Authors: Carolyn Keene
This book is a work of fiction. Any references to historical events, real people, or real places are used fictitiously. Other names, characters, places, and events are products of the author’s imagination, and any resemblance to actual events or places or persons, living or dead, is entirely coincidental.
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THE NANCY DREW FILES is a trademark of Simon & Schuster, Inc.
on here.” Bess Marvin smiled and then glanced at her friend Nancy Drew. “Can you figure out what it is, famous detective?”
Eighteen-year-old Nancy Drew stuck her credit card back in her wallet, shook her reddish blond hair back out of her blue eyes, and looked around the River Heights shopping mall. Nancy
famous for her detective work, but at the moment she was more interested in new clothes than a new case.
“I’ve got it,” Nancy said, slipping her wallet into her blue canvas bag. “I wasn’t planning to come shopping today, but for once I’ve spent
more money than you have, Bess. Even George has spent more money than you.”
George Fayne, Bess’s cousin, peered into her shopping bag and quickly looked up, surprised. “Nancy’s right. I
bought more than you, Bess. Now, that is
“It may be weird, but it’s not what I’m talking about.” Bess glanced around the wide corridor of the mall. “This place is practically deserted,” she complained. “Don’t you think that’s strange?”
“Well, what do you expect?” George asked. “It’s spring. It’s beautiful outside. Why should people want to spend time in here when they could be out jogging?”
Bess moaned. “You mean, if I want to see anybody interesting, I might actually have to take up jogging?”
“I’ve finally figured it out,” Nancy said. “It’s not that the mall is empty. It’s just that it’s empty of boys. Right, Bess?”
“Exactly,” Bess agreed. “I haven’t seen a single good-looking boy the entire time we’ve been here.”
“I should have known,” George said with a laugh. “You’re not interested in shopping; you’re interested in
“That’s not fair. I’m interested in both,” Bess
told her, heading for a shoe store. “Come on, help me pick out the right kind of shoes. If I have to go jogging to meet boys, I don’t want to ruin my feet.”
Bess was talking over her shoulder to her friends, so she didn’t see the tall, dark-brown-haired boy coming out of the shoe store until she plowed into him, knocking him back against the plate-glass window. It was Ned Nickerson.
He straightened up and smiled down at Bess. “Hi, there. Fancy bumping into you, as they say.” As he raised his head, his gaze wandered and his eyes met Nancy’s.
When Nancy saw him, she stopped moving and returned his stare. Now what? she wondered nervously. Just a couple of months before, the two of them—who’d been going together “forever” as Bess put it—had split up. Nancy couldn’t believe it had happened, and she also couldn’t believe that they’d gotten involved with other people, but they had. Ned had even fallen in love with someone else.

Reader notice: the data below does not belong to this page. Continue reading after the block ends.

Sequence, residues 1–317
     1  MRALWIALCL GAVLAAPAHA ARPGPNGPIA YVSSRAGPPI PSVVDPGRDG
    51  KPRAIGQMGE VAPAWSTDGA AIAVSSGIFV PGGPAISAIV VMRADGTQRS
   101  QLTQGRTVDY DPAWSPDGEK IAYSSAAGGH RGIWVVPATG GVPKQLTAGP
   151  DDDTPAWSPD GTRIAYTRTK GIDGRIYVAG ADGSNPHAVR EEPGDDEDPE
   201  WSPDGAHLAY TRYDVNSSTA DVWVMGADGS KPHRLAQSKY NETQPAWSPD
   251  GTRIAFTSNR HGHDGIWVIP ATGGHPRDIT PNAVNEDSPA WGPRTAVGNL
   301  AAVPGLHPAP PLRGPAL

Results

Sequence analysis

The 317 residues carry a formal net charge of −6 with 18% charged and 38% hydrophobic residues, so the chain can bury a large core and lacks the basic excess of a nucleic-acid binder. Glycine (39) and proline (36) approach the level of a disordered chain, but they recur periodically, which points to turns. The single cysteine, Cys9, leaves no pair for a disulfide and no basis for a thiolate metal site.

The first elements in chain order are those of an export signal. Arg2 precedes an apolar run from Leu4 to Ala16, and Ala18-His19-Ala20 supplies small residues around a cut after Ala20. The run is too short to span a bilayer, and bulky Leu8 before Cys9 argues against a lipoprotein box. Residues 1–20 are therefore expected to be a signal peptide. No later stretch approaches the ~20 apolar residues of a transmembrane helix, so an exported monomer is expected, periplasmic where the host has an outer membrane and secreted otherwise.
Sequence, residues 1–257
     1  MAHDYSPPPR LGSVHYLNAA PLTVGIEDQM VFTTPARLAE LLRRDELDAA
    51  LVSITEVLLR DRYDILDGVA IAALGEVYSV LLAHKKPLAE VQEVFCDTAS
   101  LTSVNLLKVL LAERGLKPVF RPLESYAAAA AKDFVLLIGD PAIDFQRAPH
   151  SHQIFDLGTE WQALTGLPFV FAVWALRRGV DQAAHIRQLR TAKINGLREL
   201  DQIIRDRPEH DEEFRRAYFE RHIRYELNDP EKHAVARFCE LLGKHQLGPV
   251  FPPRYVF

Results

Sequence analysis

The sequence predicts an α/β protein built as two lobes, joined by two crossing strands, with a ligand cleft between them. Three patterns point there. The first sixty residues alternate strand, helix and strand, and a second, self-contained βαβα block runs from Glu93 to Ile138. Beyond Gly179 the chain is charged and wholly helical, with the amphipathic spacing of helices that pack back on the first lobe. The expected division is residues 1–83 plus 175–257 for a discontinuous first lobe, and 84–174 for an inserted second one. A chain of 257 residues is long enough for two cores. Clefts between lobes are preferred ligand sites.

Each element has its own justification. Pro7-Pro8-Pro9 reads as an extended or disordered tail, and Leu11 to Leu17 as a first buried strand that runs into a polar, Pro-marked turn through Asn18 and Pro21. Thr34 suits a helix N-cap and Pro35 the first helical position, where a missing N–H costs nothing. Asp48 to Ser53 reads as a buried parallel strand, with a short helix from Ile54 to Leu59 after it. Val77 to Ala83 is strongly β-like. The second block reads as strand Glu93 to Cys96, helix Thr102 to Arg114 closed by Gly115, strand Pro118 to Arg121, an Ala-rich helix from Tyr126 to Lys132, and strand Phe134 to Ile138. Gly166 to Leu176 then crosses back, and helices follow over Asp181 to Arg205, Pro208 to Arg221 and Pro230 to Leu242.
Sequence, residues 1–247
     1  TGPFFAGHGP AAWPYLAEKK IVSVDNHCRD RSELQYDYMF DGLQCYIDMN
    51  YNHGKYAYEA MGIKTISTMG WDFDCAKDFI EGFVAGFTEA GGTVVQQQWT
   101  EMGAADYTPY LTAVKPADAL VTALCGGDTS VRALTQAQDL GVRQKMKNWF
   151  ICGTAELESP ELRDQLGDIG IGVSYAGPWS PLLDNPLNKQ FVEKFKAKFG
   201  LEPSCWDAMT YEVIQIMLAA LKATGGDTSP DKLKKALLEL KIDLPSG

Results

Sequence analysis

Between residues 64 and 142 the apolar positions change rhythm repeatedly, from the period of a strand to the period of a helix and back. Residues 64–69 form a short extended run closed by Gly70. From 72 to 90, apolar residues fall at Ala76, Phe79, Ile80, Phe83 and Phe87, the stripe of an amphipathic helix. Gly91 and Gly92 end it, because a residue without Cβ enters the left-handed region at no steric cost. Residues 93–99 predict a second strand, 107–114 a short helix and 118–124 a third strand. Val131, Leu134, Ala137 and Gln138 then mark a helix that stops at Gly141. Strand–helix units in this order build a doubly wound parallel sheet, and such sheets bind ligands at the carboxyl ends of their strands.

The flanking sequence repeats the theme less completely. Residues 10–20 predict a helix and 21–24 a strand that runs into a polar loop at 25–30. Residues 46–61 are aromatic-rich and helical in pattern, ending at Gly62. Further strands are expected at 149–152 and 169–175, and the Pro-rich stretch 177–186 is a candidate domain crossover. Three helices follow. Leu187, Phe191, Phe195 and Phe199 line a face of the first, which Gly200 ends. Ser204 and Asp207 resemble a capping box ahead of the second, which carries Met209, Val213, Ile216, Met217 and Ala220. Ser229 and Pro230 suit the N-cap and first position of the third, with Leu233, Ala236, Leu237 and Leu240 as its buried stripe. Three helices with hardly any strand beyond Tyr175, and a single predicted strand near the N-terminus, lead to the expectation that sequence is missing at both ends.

But his infatuation was over now, Nancy knew, because just a few weeks before she and Ned had gotten back together—sort of, she reminded herself. We’re not really back together; we’ve just decided to try again. It may not even work.
Trying not to look nervous, Nancy smiled and
quickly walked the rest of the way to the shoe store. “Hi, Ned,” she said quietly.
“Hi.” Ned had picked up Bess’s shopping bag, and now he handed it to her, keeping his warm brown eyes on Nancy. “I’m surprised to see you here,” he told her, making conversation. “It’s such a great day, I thought you’d be doing something outside.”
“It’s all my fault,” Bess said with a big smile. “I dragged her here—right, Nan?”
But Nancy and Ned weren’t listening. Bess was wrong, Nancy thought, watching Ned. There is
good-looking guy at the mall today.
“So,” Bess said to Nancy and Ned as she nudged George in the ribs, “why don’t you two walk around while George helps me find some running shoes that won’t give me blisters? We’ll meet you at the car in an hour, if you’re still around and want a ride home,” she added with a knowing smile.
After George and Bess went into the store, Nancy and Ned remained standing still, staring at each other.
Come on, Nancy told herself. We’ll never really get back together if we don’t talk. “Listen,” she said finally. “How about some pizza? I’m starving.”
“I could go for some food,” Ned agreed. “But let’s eat it outside, okay? I’ve had it with being inside for today.”
At the Pizza Spot Nancy and Ned each got a slice and then went out. A low brick wall divided the sidewalk from the huge parking lot, and they sat on it to eat, watching the shoppers come and go. They kept their conversation casual; Ned talked about how college was going. He was home for a short break. Nancy’s father, attorney Carson Drew, had just left for a convention in Boston, so they talked about that, too.
It was not exactly a personal conversation, Nancy thought. But then, she decided, any conversation was better than none at all. At least they were together, and they were talking.